Mastering the skills for live reporting has always been a myth to me. Before attending Young Post’s live reporting workshop, I thought of live reporting as the “mission impossible” in the world of journalism, given how demanding and complex a task it is.
I’ve always wondered: how is it possible to meet the basic standards of traditional reporting, such as making sure the facts are accurate, while posting new information on various social media platforms simultaneously? How do I select and summarise the most important information while keeping it within the given word limit? Last but not least, is it actually possible to plan ahead for an event that hasn’t even happened yet? While questions like these always left me doubting my own abilities of ever doing a live report successfully, they also made me extremely eager to learn as many things as I could during the workshop.
The major takeaways from the workshop were: learning about the importance of cooperation, planning ahead, as well as paying attention to trivial details.
Back in 2014, I had my first taste of live reporting when I was chosen to report on an award ceremony called Student of the Year for Young Post’s Instagram page. I didn’t communicating with my partner, fellow junior reporter Renee, in advance, and we found ourselves overwhelmed by the never-ending flow of incoming information as we frantically searched around for someone to help us confirm the names of each of the recipients. Unfortunately our efforts were futile, as the event kept on rolling as we struggled with the most basic facts. Thus, the root of the problem, which was a lack of preparation, really effected our performance to say the least.
The good news is that this problem can be easily solved by “doing your homework”. That means gathering all the existing information about the event to ensure that at least you have the basic facts right. By doing so, live reporting instantly becomes similar to a fill-in-the-blank kind of game. By being prepared, you have the time and ability to react to any unexpected situations. For instance, for an event like Student of the Year, it’s impossible for us to know who’s going to win beforehand. However, we do know the names of the nominees. So instead of trying to jot the winners’ names down on the day of the event, while worrying if they are spelled correctly, why not try putting all the nominees in a list on your phone so that at the time of the announcement, all you need to do is to copy and paste?
Young Post’s web sub-editor Heidi Yeung had another helpful tip when working as a team. “Decide in advance who will cover what and who is responsible for which role,” she said. This is crucial for live reporting as it helps to prevent any repetitions or a lack of posts on certain subjects, etc.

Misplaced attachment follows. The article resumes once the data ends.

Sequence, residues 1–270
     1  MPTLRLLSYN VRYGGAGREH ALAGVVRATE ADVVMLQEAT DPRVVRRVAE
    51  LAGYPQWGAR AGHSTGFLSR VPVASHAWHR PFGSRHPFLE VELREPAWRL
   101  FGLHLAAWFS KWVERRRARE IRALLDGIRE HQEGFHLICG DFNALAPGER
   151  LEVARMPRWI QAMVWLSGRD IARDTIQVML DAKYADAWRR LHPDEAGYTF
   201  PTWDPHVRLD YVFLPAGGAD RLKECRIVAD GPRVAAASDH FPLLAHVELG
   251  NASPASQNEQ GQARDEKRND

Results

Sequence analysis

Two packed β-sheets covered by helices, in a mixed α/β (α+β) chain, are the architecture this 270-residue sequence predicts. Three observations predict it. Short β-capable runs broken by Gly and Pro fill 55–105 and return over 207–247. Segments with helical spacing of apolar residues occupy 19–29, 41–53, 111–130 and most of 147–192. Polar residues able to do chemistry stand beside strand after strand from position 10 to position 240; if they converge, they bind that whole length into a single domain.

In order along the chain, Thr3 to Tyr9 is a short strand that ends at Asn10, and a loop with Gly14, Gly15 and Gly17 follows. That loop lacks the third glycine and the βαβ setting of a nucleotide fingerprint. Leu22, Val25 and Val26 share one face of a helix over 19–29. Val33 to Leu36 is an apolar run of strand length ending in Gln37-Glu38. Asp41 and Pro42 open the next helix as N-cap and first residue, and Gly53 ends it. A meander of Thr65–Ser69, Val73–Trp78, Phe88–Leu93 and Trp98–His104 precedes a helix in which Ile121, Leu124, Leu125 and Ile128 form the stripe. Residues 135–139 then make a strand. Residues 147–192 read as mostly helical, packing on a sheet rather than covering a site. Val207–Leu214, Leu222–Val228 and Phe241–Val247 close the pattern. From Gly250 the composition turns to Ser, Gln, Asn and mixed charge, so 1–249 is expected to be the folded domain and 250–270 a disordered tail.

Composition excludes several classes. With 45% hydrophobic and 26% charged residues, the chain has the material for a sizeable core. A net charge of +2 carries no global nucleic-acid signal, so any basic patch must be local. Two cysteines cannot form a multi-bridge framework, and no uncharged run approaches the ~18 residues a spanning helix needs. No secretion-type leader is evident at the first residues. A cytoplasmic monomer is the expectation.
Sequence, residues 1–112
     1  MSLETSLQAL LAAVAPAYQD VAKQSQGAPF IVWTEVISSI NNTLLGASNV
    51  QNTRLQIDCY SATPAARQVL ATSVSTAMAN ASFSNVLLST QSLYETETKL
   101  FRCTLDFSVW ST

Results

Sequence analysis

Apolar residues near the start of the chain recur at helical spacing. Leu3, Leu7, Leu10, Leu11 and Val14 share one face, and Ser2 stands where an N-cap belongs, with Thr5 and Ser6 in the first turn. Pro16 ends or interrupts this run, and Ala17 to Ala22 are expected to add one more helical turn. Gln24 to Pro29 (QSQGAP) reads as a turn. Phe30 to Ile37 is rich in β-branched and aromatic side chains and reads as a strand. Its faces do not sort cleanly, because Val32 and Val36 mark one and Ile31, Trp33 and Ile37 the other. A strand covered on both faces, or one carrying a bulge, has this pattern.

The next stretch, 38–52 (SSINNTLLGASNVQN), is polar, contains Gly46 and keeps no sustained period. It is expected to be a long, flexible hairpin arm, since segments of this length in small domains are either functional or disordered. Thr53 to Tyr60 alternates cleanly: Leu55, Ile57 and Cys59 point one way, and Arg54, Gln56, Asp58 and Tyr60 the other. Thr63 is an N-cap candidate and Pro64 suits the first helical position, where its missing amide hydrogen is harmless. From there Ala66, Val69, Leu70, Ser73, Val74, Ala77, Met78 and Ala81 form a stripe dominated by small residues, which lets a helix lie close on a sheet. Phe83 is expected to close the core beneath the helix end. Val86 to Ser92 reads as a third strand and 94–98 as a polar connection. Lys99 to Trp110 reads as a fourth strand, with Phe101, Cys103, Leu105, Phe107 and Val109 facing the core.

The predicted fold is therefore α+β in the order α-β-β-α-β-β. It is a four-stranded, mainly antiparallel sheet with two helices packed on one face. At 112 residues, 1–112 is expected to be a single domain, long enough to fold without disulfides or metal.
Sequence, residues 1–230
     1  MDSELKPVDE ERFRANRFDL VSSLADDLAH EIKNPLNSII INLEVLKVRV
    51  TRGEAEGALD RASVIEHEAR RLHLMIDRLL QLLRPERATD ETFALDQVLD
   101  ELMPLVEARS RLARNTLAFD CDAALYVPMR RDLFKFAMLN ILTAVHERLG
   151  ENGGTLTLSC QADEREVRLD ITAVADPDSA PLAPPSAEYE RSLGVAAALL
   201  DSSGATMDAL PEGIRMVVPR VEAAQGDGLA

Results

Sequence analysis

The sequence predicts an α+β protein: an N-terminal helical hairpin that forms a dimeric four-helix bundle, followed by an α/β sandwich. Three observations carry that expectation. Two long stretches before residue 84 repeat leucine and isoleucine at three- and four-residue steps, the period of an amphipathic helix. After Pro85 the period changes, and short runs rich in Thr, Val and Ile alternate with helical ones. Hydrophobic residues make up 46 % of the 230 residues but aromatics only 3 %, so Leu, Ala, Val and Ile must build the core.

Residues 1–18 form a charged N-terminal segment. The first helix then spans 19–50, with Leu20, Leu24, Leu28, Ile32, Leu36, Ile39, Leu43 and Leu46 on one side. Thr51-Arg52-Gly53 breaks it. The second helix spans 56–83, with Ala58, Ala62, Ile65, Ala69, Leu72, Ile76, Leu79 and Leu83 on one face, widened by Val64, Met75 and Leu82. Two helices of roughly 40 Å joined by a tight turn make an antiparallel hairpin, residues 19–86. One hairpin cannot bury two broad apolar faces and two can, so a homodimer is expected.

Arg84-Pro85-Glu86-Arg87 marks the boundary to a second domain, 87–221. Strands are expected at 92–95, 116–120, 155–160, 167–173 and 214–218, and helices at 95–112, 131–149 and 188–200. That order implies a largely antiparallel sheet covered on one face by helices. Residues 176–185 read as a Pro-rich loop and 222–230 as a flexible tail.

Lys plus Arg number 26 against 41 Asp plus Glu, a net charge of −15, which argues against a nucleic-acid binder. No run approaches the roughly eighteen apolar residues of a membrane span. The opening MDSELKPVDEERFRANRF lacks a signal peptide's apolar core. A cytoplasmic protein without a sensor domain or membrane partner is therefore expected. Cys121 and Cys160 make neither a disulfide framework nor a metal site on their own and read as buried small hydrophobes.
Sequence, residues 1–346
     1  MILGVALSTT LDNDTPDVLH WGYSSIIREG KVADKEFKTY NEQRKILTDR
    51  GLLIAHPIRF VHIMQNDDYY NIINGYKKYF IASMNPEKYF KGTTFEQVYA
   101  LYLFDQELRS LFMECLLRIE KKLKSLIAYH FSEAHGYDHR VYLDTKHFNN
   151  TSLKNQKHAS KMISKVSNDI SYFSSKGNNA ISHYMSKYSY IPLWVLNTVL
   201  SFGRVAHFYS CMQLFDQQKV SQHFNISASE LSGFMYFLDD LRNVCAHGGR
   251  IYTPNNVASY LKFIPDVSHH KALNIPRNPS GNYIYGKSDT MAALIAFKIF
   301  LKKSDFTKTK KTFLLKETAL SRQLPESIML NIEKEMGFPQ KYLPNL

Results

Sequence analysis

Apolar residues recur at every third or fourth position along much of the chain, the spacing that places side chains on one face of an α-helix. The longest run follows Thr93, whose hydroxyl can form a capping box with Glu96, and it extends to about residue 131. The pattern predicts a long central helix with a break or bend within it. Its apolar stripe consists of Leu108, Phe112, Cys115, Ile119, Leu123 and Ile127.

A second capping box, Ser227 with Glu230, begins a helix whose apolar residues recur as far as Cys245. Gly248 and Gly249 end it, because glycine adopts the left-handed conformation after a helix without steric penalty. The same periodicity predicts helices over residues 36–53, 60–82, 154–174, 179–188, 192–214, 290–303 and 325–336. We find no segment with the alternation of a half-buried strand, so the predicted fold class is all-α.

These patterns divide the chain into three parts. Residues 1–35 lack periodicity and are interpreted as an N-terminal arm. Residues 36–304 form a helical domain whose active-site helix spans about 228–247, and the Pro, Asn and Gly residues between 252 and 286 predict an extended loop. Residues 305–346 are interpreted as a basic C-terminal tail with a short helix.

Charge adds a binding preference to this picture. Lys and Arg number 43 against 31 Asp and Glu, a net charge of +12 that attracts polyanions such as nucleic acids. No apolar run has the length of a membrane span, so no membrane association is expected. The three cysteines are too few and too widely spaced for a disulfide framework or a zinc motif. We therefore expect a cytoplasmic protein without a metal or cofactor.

Since live reporting is so heavily reliant upon electronics, you should make sure your devices are fully charged at all times to keep the communication channel open between your teammates. This might sound like a no-brainier, but it is the small details like these that determines whether live reporting is a success or a failure.
To say the workshop met all of my expectations would be an understatement. It was a thorough, well-organised event with plenty of hands-on experience. Not only did it teach me the basic theories, it also taught me how to apply them in the real world as a professional reporter.
For this reason, the simulation in which we reported on different scenes from The Hunger Games was definitely the highlight of my experience.
After being split into two teams, each of us took turns working at the “live event” to record all the important details and update our teammates back at the office, who were entirely dependent on us to provide a story. I really enjoyed the adrenaline rush of working under pressure while trying to maintain a high level of accuracy and precision.
Put simply, this workshop has absolutely helped me to overcome my fear of live reporting. With a lot more practice and actual experience, I’m confident that I’ll be able to handle any future live reporting opportunities with ease.
Veronica Lin, 16, HKIS
A pressure cooker of adrenaline
Harder than it looks
The live reporting workshop was so much harder than expected. In theory, the work sounded easy. Just take a couple of pictures and post them with nice captions and hashtags. That was until we put it into practice. The words just kept coming and everything was either too fast or too slow. Everyone was on edge and glad when the task was over.
This was not what I had expected. The reality is that it’s so much more complex than regular reporting. What surprised me most was that even though it was stressful and intense, I got a real buzz from being the one to share the information, and know what was going to be displayed on the page.
Irisa Kwok, 12, King George V School
In the age of technology and rapid communication, journalism is not only about writing and publishing newspapers, it also involves instant live reporting on social media. As an aspiring journalist, I have participated in several news-writing courses, but I have never experienced anything quite as tense and high-pressured as the live-reporting workshop. During the stimulation, it was challenging to update the news and photos on social media, while simultaneously sending the information back to the rest of the group, as other members of the team rushed to complete the standing story. The atmosphere was so tense, as we worked against the clock to complete the tasks in such a short period of time. It made me realise how reporting has had to adapt to our modern way of living, while still uploading the accuracy of journalism.
Yam Wai-shan, 17, St Paul’s Co-educational College